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U.S. approves black farmers settlement
$1.25 billion OKd to resolve bias claim against Agriculture Department
 
Published Friday, February 19, 2010 12:08 am
by Herbert L. White

Black farmers are a step closer to settlement of a discrimination lawsuit against the U.S. Department of Agriculture.


The Obama administration announced the
$1.25 billion settlement Thursday to a class action lawsuit by African Americans against USDA for racial bias in its loan program. The original suit, Pigford v. Glickman, was filed by Timothy Pigford of Washington, N.C., in 1997, claiming that federal discrimination forced thousands of black farmers to lose their land because they were unable to secure loans.


Congress and a federal judge must approve the settlement.


“My administration is dedicated to ensuring that federal agencies treat all our citizens fairly, and the settlement in the Pigford case reflects that commitment,” President Obama said in a statement. “I applaud (Agriculture) Secretary (Tom) Vilsack for his efforts to modernize operations at the USDA, as well as the work of the Justice Department in bringing these long-ignored claims of African American farmers to a rightful conclusion.”


The government paid $1 billion to 16,000 black farmers in 1999, but some missed out on the settlement due to communications errors. Thursday’s agreement would provide cash payments and debt forgiveness for farmers who missed the original payout.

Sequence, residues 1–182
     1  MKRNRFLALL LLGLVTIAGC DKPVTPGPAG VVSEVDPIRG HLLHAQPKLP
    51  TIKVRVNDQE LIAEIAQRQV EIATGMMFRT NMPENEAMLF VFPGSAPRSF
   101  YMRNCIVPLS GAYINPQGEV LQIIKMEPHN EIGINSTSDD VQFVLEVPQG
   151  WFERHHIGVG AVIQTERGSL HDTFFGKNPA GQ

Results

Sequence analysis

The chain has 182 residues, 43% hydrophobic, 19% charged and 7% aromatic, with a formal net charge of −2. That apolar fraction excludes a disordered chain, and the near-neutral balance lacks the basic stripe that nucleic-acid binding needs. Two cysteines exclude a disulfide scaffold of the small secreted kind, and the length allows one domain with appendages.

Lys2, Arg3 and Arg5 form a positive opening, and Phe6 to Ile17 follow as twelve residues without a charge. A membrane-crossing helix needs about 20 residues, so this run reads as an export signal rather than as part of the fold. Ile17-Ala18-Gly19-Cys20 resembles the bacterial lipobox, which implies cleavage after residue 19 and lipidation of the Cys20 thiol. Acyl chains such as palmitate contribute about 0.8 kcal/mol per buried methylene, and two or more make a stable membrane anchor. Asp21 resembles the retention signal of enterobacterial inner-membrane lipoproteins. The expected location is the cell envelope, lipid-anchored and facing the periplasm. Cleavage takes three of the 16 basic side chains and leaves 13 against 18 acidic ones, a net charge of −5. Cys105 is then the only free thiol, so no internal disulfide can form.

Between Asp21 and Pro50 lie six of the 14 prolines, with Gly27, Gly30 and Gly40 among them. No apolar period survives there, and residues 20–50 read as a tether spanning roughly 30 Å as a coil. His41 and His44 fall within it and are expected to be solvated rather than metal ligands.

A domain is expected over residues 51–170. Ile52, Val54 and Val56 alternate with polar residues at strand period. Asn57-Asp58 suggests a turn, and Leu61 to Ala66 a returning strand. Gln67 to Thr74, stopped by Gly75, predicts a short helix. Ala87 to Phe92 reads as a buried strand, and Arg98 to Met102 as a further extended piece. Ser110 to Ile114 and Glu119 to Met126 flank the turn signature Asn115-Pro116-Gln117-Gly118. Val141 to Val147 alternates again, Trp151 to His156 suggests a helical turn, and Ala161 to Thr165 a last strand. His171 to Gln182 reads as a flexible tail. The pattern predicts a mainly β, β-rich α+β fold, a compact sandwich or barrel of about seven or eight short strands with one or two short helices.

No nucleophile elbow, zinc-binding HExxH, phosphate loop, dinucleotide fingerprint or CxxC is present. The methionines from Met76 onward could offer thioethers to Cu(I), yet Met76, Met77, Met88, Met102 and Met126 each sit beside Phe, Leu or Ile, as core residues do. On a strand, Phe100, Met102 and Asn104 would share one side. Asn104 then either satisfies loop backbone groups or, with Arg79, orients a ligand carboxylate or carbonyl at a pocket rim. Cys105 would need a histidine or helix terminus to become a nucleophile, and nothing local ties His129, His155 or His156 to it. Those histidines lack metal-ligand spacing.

Black family farms are all but extinct in 21st century America. In 1920, blacks owned 15.6 million acres of farmland; by 1999, it was less than 2 million, and is dropping by an estimated 1,000 daily. In 1910, 926,000 African Americans were in farming; today, less than 18,000 remain.
“It is vitally important that Congress appropriates sufficient funding to settle these claims,” said U.S. Sen. Kay Hagan (D-N.C.), who co-sponsored a Pigford appropriations bill with Sen. Chuck Grassley (R-Iowa). “These African American farmers, including more than 4,000 North Carolinians, deserve to finally receive the compensation they have been denied for decades.”


Farmers can apply for claims up to $50,000 through a simplified program, or submit a more detailed claim for a larger payment. The size of payouts would depend on the number of claims.


“I am encouraged that (the) settlement is an opportunity for black farmers who were denied the benefit of USDA loans and programs to begin to be made whole,” said U.S. Rep. Barbara Lee (D-Calif.), chair of the Congressional Black Caucus. “…This settlement will benefit residents of some of the most impoverished areas of rural southern states. Therefore, it is encouraging that claims of these black farmers have been addressed.”

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